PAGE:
Wednesday, March 7, 2012

Tick Tock

Film: Ni Na Bien Ji Dian (What Time is it There?)
Format: DVD from NetFlix on kick-ass portable DVD player.

One of the things I like about this project is that it forces me into watching a number of films that I would otherwise have no contact with. There isn’t much of a chance I would normally select a film like Ni Na Bien Ji Dian (What Time is it There?, sometimes known as What Time is it Over There?). It’s not that this film isn’t something typically in my wheelhouse, but that there would be nothing specific about it that would cause me to select it. I don’t dislike quirky romances from other countries (after all, I dearly love Amelie), but seeing the description of the film on NetFlix wouldn’t normally cause me to put it at the top of my queue.

And it is an odd little romance. Hsaio-kang (Kang-sheng Lee) sells watches on a street corner in Taipei. He’s also recently experienced the loss of this father, an event that has caused his mother (Yi-ching Lu) to retreat into spirituality and mysticism. She is convinced that her late husband will reincarnate and return to the home, and thus much of what she does is predicated on that idea. This includes leaving out bowls of yin-yang water (half cold, half boiled) for him to drink and setting a place for him at meals.

One day, Hsaio-kang encounters Shiang-chyi (Shiang-chyi Chen) who is on her way to Paris. She wants a watch that tells dual time, and only likes the one that Hsaio-kang has on his wrist. Eventually, he agrees to sell it to her. From this moment on, things enter the realm of quirk. Feeling some connection with Shiang-chyi, Hsaio-kang decides to set every clock and watch he encounters to Paris time to create some sort of connection between them.

Naturally, this causes some problems for him. Setting the clocks in his own home to Paris time causes his mother to believe that her husband has returned, for instance, which further causes her to set her own schedule by her husband’s new time. Later, she determines that her reincarnated husband is afraid of light, so she shuts off the power and boards up the apartment, taping any slivers of light shut. Meanwhile, in Paris, we find that the lives of our two protagonists are strangely intertwined. While Hsaio-kang watches The 400 Blows, Shiang-chyi meets Jean-Pierre Leaud, the star of the film.

The film, and particularly Hsaio-kang and his mother represent a sort of private obsession, something that approaches insanity but doesn’t quite get there. It is a reveal into their personal and private lives, making explicit their desperate strangeness. In a sense they reveal the sort of thing that an outsider would call strange, manic, even crazy, but that to them makes a real sense. It’s my guess that most of us have these sorts of private oddities that we rarely wish to reveal to anyone else. Here, they are laid bare.

Where many viewers will have a problem, and in fact where I had a problem, is in the film’s pacing. It is monumentally slow. At times, this is not an issue. The film unfolds at its own sedate rate. At times, this is strikingly beautiful, allowing us to see our characters as they exist both in the world and in their own little world. At other times, though, it feels oppressive, as if the film has stopped and we are merely watching people go through their everyday routine. Others may well have more patience for this than I—there were several times in the film that I simply wished for it to move on to the next scene or to at least change the shot so that I wasn’t continually watching the same actions from the same perspective.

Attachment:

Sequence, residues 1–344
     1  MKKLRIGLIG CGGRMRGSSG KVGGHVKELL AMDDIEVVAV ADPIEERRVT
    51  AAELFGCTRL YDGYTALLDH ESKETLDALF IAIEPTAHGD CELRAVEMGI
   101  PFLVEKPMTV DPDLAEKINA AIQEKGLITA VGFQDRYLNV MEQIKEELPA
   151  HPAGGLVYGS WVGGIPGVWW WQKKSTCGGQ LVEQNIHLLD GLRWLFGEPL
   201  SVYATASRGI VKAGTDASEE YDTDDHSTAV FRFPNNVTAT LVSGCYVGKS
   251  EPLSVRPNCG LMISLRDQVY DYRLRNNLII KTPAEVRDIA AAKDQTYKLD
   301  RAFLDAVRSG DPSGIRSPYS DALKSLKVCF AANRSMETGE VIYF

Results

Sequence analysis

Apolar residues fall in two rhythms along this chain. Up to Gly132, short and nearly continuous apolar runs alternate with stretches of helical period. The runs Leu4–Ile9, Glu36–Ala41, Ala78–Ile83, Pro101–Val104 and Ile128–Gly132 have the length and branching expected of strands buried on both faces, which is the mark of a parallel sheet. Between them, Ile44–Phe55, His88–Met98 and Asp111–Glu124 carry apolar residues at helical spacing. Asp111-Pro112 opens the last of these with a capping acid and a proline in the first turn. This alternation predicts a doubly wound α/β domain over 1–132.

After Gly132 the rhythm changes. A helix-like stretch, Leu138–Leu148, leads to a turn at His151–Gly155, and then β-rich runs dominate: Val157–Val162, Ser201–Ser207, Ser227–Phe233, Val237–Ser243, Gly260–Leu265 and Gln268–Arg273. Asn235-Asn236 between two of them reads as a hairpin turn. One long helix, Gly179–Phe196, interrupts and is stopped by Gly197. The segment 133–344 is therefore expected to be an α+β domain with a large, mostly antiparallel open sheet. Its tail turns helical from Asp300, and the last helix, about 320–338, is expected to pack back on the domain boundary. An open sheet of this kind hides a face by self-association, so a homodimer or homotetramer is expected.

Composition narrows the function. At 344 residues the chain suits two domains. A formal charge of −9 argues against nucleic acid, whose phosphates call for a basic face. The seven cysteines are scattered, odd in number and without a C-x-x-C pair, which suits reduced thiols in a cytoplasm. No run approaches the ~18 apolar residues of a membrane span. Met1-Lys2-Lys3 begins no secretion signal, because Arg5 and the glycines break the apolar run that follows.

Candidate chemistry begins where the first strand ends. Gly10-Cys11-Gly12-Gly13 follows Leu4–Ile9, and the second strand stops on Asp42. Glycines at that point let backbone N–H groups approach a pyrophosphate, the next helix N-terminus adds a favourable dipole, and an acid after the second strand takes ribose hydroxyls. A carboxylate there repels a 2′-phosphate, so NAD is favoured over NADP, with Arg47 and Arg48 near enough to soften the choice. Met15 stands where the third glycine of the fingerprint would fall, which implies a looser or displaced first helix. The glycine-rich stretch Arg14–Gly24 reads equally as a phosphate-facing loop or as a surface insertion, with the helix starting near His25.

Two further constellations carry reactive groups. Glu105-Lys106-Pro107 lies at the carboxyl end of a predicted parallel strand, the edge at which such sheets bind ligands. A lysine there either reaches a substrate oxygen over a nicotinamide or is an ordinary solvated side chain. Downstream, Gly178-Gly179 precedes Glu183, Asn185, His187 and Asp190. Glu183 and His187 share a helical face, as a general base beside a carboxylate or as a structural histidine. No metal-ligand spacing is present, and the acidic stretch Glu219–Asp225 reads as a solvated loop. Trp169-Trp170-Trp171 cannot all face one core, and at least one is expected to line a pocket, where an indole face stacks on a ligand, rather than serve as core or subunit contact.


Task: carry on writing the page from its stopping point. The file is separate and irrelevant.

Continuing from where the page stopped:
Ultimately, this is a film about loss and separation. Hsaio-kang deals with his separation from this idealized fantasy woman, his customer, by attempting to move his world to the one she lives in. She, on the other hand, retreats into herself as she exists in a place unlike anything she has known in her life. Hsaio-kang’s mother retreats further, back into the past when her husband was alive. How each person deals with his or her loss, then, becomes the function of the film.

I’m not sure if I liked this film or not. I appreciate it for what it is, and am confident in saying that if nothing else, it is beautifully filmed. It simply may be too slow overall to be truly engaging. What could well have been delightful, odd, and quirky instead becomes simply odd.

Why to watch Ni Na Bien Ji Dian: There’s a real bittersweetness to the narrative.
Why not to watch: The pacing may be off-putting for many.


  1. I haven't seen this movie but I've seen it's quasi-sequel "The Wayward Cloud" which was the same as this movie sound - really really odd.

  2. Odd is a good word for it. It was pretty, but it sort of didn't go anywhere.

  3. The major reason I did not watch Tsai Ming-Liang is because I heard his films are damn slow.

  4. If this one is any indication, you have not been lied to. It's a "sandwich" film in that there are multiple places where you can go make yourself a sandwich and not miss any dialogue.

  5. You really have to pay attention. It doesn't spell anything out for you. And I don't think I got it. Still, I wasn't bored. I think I caught a few things I was supposed to get. (I totally missed it that the girl in Paris met the star of 400 Blows.) But some of the imagery was fascinating. The moment I will never forget is when the big white fish in the tank ate the cockroach. The way he contemplated the cockroach for a few seconds and then LUNGED. I don't why, but I laughed out loud.

    Overall, I don't know what I think. Maybe I'll watch it again a few years.

    1. See, here's the thing--it's fine if someone wants to try to explain this film to me, but if I can't get it from the film itself, I figure it's kind of a waste of my time.